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Changing the narrative on antibiotics
  1. Fergus Shanahan
  1. Correspondence to Professor Fergus Shanahan, Department of Medicine, Alimentary Pharmabiotic Centre, Clinical Science Building, Cork University Hospital, Cork, Ireland; f.shanahan{at}ucc.ie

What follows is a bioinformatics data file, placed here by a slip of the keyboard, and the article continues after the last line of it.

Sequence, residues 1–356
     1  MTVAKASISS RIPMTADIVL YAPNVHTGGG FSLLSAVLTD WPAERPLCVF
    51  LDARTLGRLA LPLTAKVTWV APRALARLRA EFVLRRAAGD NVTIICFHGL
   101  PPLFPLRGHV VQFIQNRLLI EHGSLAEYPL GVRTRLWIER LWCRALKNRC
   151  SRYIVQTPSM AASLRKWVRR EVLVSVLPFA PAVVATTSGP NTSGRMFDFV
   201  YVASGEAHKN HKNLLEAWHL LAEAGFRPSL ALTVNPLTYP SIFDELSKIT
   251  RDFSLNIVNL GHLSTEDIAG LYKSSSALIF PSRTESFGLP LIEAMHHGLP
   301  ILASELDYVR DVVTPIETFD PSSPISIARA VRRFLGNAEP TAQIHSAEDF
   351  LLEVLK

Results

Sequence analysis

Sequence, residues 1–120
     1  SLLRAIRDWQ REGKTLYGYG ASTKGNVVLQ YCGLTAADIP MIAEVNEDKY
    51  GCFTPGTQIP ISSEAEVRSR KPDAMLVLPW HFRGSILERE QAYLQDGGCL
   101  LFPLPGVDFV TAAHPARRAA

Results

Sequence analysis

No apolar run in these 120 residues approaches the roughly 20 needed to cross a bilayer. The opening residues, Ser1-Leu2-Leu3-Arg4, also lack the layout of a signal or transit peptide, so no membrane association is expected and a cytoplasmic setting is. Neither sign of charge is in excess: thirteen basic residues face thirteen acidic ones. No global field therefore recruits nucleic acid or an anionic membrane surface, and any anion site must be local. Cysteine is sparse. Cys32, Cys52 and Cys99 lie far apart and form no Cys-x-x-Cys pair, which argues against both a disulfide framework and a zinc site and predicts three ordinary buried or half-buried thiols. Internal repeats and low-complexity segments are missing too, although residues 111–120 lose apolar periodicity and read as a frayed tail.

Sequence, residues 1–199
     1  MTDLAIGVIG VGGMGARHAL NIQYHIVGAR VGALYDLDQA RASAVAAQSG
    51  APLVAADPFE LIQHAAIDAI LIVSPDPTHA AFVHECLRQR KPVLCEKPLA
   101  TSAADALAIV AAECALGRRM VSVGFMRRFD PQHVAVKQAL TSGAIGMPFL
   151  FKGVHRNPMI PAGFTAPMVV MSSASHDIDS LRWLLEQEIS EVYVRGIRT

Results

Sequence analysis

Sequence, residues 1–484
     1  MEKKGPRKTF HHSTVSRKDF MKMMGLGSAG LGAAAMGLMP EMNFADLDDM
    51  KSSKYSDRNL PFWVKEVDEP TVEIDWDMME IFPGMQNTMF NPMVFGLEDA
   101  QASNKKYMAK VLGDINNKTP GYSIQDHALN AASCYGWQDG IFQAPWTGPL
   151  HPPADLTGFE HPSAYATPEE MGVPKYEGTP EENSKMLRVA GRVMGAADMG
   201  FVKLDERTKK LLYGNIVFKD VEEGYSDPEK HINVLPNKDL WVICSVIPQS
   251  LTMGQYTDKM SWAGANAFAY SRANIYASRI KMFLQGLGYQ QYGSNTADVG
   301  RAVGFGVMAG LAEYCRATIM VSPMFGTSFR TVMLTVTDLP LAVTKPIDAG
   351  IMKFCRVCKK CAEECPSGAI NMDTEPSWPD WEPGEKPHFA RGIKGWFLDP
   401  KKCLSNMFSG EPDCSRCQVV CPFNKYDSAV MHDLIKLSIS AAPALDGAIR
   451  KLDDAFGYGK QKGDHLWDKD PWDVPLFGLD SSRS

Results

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Campaigning for antibiotic conservation is a bit like the struggle against global warming. The polar ice melts while politicians, not known for long-range thinking, debate deadlines for others to meet. Similarly, new drug discovery diminishes as resistance to existing antibiotics increases. Public health officials and policy makers predict a bleak future and plead for reform of prescribing practices, but clinicians deal with individual patients, not populations, in the present. Perhaps, it is time to direct the educational narrative on antibiotics towards the consumer. Enthusiasm for antibiotic treatment, particularly for soft indications, might be tempered if the potential adverse effects on the microbiota were better known. Antibiotic-associated diarrhoea and Clostridium difficile-associated disease are well recognised but more subtle effects are less well appreciated. Few clinicians may know that antibiotics can induce an immune deficiency in experimental animals. Furthermore, increasing evidence suggests that disturbance of the indigenous microbiota by antibiotic exposure, particularly in early life, is a risk factor for later development of obesity-related metabolic disorders and several immunologically mediated disorders, such as IBD and asthma.1–,3 Concern about the adverse effects of antibiotic exposure will escalate with better understanding of host–microbe interactions in host development and homeostasis, especially when …

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